Prior Knowledge Exclusion Bars Coverage
C. INGRAM CO. v. PHILADELPHIA INDEM. INS. CO.
(Ct. App. Ga., April 7, 2010)
The insured was retained by Ingram to file an action to foreclose on a mechanic’s lien in excess of $600,000. The insured failed to file the action within the statute of limitations. After becoming aware that the action had not been timely filed, Ingram, through other counsel, informed the law firm that its failure to properly file the action subjected it to a malpractice claim. Eventually, the foreclosure action was dismissed on February 5, 2002.
In 2003, the firm obtained a professional liability policy providing coverage for claims made during the policy period. The policy also included an exclusion precluding coverage for any claim that occurred prior to the effective date of the policy if the insured knew, or could have reasonably foreseen, that a wrongful act may give rise to such a claim.
On August 7, 2003, Ingram filed suit alleging legal malpractice. The insured sought coverage under the professional liability policy. The insurer agreed to provide a courtesy defense under a reservation of rights while it determined its obligations under the policy. Eventually, after the policy was canceled for non-payment of the premium, the insurer issued a letter denying coverage based upon the prior knowledge exclusion. The insured executed an assignment of its rights under the policy to Ingram resulting in the instant coverage action.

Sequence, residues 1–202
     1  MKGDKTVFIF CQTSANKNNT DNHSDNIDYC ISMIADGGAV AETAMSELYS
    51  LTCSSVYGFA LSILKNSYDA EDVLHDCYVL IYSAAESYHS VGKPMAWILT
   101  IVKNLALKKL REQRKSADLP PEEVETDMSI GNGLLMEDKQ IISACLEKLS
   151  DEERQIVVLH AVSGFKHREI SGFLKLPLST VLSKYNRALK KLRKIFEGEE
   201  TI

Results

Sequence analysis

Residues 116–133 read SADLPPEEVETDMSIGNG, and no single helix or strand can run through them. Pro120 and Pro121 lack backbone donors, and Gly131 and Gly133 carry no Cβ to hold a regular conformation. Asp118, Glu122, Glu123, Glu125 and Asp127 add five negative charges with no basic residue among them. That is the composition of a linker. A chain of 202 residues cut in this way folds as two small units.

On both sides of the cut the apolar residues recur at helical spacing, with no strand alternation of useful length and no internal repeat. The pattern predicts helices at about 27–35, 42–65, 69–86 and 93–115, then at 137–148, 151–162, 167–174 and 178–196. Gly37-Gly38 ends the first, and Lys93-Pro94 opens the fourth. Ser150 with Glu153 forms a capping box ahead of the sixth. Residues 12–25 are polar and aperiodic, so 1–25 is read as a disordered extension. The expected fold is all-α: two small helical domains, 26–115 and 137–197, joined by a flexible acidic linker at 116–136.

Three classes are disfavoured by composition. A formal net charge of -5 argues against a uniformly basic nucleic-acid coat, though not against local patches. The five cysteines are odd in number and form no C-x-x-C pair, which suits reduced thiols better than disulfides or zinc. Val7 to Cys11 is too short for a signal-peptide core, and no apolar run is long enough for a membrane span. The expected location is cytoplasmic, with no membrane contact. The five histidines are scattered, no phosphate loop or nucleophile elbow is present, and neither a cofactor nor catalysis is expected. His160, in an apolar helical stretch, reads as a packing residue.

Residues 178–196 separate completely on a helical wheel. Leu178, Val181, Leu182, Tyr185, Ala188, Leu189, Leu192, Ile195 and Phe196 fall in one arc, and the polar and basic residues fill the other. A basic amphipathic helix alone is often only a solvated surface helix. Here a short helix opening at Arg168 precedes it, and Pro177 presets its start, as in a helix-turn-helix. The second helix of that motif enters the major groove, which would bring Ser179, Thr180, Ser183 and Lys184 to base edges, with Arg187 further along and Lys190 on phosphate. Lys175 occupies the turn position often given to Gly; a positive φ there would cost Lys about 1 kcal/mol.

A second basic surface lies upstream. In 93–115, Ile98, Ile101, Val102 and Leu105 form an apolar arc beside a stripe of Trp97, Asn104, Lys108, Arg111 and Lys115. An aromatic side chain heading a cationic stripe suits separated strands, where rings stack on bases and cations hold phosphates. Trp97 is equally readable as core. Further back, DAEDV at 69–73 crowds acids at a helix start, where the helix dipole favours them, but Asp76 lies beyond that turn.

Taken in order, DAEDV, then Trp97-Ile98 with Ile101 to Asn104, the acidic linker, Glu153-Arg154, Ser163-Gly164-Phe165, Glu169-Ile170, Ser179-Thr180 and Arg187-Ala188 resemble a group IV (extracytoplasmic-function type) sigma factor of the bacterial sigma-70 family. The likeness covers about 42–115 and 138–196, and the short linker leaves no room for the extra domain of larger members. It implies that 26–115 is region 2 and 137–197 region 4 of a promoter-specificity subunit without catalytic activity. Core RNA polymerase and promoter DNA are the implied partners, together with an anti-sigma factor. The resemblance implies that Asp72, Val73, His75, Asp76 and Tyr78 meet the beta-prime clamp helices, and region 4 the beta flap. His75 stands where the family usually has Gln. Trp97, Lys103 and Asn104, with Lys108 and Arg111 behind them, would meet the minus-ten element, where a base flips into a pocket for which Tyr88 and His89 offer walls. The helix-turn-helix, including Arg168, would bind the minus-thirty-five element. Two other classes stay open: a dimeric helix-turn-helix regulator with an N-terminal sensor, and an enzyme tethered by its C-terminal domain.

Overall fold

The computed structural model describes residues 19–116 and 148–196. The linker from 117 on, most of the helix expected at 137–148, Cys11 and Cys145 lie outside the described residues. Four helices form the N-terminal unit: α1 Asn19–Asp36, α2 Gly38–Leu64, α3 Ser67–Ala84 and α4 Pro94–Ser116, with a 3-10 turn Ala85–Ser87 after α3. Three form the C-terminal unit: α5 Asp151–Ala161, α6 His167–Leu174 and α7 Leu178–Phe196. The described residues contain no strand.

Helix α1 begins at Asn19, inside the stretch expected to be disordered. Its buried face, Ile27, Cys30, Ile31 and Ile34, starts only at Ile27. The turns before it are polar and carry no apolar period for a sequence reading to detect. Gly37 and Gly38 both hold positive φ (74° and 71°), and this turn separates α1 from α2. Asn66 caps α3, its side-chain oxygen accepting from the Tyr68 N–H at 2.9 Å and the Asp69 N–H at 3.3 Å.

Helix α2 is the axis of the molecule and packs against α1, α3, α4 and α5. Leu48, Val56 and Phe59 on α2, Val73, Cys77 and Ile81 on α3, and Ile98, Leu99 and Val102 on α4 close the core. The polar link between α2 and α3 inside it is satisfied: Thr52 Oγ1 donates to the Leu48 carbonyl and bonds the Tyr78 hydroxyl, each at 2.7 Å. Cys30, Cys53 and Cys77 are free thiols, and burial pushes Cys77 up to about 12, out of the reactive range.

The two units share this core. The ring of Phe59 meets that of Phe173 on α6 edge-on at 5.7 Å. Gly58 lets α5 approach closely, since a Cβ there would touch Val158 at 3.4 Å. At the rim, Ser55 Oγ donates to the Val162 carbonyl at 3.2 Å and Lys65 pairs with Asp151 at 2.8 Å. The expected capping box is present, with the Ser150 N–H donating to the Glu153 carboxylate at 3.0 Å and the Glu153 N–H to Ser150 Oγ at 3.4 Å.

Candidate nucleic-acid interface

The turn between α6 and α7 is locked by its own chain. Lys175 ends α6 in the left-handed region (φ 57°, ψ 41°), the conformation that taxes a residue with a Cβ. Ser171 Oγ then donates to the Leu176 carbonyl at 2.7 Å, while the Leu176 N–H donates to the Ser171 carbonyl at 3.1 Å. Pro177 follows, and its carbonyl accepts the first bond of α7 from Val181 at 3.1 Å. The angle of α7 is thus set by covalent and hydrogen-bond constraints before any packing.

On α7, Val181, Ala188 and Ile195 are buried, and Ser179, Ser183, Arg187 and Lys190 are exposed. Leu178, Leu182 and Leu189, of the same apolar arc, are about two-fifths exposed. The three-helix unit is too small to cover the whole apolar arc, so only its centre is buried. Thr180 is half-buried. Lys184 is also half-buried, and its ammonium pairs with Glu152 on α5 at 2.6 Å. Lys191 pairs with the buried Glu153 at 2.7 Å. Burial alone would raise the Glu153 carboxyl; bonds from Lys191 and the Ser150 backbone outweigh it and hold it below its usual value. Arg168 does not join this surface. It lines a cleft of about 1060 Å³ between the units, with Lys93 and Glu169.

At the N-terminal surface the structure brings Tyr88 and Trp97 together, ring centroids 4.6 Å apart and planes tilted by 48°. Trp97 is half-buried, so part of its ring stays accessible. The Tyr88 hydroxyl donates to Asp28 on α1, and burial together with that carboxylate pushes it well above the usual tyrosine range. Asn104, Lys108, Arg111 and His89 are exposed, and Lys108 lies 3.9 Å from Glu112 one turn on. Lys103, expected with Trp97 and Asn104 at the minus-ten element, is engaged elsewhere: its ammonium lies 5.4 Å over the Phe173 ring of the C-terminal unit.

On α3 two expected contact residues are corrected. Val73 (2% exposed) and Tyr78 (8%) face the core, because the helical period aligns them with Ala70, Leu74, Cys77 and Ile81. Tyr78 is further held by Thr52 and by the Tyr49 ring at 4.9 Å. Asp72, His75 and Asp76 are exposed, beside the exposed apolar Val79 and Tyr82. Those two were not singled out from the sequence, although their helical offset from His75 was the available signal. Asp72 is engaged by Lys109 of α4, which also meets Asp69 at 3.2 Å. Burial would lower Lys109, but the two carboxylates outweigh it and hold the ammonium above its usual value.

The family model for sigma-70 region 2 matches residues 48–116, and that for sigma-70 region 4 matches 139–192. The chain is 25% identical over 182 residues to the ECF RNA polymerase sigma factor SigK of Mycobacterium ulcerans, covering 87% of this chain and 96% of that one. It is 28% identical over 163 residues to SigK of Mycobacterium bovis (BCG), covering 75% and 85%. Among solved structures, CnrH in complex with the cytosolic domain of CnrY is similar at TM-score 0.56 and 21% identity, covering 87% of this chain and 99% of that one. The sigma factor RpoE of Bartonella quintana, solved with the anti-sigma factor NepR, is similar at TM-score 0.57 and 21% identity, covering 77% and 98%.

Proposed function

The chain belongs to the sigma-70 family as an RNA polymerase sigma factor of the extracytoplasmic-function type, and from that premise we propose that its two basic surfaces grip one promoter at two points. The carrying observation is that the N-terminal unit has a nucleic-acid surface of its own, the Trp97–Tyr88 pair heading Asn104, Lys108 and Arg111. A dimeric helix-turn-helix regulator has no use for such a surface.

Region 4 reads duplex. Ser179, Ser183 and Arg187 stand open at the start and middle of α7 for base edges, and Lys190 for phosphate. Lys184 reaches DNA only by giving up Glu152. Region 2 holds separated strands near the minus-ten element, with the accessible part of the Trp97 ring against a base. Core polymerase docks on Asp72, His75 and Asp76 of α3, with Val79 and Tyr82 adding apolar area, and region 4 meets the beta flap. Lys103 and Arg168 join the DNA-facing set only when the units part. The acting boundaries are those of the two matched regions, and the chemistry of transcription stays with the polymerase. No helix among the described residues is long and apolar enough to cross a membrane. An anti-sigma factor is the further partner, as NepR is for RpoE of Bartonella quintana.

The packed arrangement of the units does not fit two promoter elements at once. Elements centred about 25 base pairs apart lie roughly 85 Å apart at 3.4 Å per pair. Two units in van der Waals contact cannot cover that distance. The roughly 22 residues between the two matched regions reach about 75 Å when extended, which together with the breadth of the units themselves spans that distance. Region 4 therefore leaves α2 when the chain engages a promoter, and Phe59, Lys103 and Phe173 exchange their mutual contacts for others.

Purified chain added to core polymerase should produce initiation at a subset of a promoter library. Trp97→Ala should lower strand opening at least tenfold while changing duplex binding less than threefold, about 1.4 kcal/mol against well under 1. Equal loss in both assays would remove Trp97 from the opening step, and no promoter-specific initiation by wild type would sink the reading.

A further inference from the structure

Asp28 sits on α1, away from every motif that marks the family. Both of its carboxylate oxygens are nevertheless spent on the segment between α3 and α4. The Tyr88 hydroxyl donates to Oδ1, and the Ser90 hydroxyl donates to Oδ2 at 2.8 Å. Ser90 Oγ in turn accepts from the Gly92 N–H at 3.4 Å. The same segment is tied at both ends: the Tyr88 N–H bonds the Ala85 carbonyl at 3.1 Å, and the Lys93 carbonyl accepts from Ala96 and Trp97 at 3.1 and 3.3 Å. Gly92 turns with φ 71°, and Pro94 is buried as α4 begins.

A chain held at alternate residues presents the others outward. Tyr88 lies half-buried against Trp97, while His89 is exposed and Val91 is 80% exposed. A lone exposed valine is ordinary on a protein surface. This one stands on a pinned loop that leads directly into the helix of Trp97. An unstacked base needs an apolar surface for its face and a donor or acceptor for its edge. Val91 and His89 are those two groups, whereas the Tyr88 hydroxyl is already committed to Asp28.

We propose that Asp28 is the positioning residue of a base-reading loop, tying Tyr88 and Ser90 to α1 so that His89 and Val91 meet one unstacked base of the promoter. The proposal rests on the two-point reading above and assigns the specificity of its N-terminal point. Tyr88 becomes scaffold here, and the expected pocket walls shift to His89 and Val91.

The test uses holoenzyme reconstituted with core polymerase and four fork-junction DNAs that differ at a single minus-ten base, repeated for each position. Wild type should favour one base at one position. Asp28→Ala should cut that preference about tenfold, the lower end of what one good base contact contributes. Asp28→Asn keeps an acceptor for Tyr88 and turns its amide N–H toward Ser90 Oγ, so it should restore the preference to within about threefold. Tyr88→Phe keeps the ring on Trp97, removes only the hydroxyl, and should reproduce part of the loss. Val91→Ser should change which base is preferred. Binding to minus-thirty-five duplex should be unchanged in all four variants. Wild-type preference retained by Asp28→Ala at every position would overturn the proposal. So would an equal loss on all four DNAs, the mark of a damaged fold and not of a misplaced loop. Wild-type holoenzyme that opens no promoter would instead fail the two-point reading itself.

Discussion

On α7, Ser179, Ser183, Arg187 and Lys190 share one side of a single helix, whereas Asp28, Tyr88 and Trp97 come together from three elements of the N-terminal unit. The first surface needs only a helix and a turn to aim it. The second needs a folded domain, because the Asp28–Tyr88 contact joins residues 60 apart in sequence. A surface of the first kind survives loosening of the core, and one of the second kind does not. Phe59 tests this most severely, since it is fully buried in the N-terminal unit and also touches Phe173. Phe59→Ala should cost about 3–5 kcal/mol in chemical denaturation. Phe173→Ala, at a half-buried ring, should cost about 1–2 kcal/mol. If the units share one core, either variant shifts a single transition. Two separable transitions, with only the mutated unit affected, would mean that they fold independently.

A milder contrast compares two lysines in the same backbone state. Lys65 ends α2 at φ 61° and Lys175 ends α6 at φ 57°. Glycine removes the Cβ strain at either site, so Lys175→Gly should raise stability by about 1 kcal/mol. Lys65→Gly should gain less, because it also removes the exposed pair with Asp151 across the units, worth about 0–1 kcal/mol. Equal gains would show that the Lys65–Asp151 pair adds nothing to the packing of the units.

Upon review of the record, the court concluded that it was apparent that the insured learned of the potential malpractice action as early as November 2001 when the insured was informed that it failed to timely file the mechanics lien litigation. Accordingly, the court held that the exclusion was triggered, and coverage was properly denied.
Impact: The denial of coverage based upon a prior knowledge defense can sometimes be difficult. This defense is obviously fact-intensive, and it is incumbent upon the insurer to demonstrate the state of the insured’s knowledge at the time he or she applied for coverage. In this case, however, the insurer had the benefit of clear evidence establishing the existence of a potential malpractice claim and as such, it easily met its evidentiary burden.
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